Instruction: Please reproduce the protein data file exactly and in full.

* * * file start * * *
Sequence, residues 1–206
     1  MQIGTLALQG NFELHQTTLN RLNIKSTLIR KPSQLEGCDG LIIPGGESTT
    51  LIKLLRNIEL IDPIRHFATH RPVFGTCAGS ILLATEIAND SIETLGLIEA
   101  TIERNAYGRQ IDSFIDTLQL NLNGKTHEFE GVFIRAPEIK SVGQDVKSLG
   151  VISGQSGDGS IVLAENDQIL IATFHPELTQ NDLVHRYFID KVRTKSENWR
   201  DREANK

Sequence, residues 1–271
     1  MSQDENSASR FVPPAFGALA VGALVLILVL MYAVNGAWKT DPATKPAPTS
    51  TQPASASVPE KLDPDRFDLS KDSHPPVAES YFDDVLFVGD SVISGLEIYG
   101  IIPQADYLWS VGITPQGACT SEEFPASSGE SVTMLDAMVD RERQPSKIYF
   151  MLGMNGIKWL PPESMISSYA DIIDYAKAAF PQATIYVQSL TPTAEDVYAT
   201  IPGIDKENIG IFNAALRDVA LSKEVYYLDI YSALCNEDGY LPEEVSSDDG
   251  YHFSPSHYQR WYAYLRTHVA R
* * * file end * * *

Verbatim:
Sequence, residues 1–206
     1  MQIGTLALQG NFELHQTTLN RLNIKSTLIR KPSQLEGCDG LIIPGGESTT
    51  LIKLLRNIEL IDPIRHFATH RPVFGTCAGS ILLATEIAND SIETLGLIEA
   101  TIERNAYGRQ IDSFIDTLQL NLNGKTHEFE GVFIRAPEIK SVGQDVKSLG
   151  VISGQSGDGS IVLAENDQIL IATFHPELTQ NDLVHRYFID KVRTKSENWR
   201  DREANK

Sequence, residues 1–271
     1  MSQDENSASR FVPPAFGALA VGALVLILVL MYAVNGAWKT DPATKPAPTS
    51  TQPASASVPE KLDPDRFDLS KDSHPPVAES YFDDVLFVGD SVISGLEIYG
   101  IIPQADYLWS VGITPQGACT SEEFPASSGE SVTMLDAMVD RERQPSKIYF
   151  MLGMNGIKWL PPESMISSYA DIIDYAKAAF PQATIYVQSL TPTAEDVYAT
   201  IPGIDKENIG IFNAALRDVA LSKEVYYLDI YSALCNEDGY LPEEVSSDDG
   251  YHFSPSHYQR WYAYLRTHVA R